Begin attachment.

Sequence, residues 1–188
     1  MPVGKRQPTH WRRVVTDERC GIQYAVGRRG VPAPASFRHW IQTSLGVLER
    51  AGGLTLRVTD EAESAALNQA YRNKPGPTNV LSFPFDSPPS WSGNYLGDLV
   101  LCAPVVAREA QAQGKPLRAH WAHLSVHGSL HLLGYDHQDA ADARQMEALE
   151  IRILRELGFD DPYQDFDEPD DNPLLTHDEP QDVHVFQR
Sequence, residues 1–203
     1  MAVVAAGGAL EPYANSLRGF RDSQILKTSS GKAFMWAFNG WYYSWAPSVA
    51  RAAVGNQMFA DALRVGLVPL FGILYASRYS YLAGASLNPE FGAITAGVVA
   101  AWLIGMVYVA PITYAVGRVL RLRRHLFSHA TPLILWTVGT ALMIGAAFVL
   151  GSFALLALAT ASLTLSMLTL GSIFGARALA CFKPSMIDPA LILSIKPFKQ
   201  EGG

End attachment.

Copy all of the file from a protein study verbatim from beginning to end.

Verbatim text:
Sequence, residues 1–188
     1  MPVGKRQPTH WRRVVTDERC GIQYAVGRRG VPAPASFRHW IQTSLGVLER
    51  AGGLTLRVTD EAESAALNQA YRNKPGPTNV LSFPFDSPPS WSGNYLGDLV
   101  LCAPVVAREA QAQGKPLRAH WAHLSVHGSL HLLGYDHQDA ADARQMEALE
   151  IRILRELGFD DPYQDFDEPD DNPLLTHDEP QDVHVFQR
Sequence, residues 1–203
     1  MAVVAAGGAL EPYANSLRGF RDSQILKTSS GKAFMWAFNG WYYSWAPSVA
    51  RAAVGNQMFA DALRVGLVPL FGILYASRYS YLAGASLNPE FGAITAGVVA
   101  AWLIGMVYVA PITYAVGRVL RLRRHLFSHA TPLILWTVGT ALMIGAAFVL
   151  GSFALLALAT ASLTLSMLTL GSIFGARALA CFKPSMIDPA LILSIKPFKQ
   201  EGG